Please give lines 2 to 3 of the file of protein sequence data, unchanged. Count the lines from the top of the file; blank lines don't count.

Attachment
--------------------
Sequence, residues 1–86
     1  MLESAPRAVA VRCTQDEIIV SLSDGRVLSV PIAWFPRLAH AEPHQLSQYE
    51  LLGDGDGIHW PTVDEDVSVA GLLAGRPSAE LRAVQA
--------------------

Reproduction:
     1  MLESAPRAVA VRCTQDEIIV SLSDGRVLSV PIAWFPRLAH AEPHQLSQYE
    51  LLGDGDGIHW PTVDEDVSVA GLLAGRPSAE LRAVQA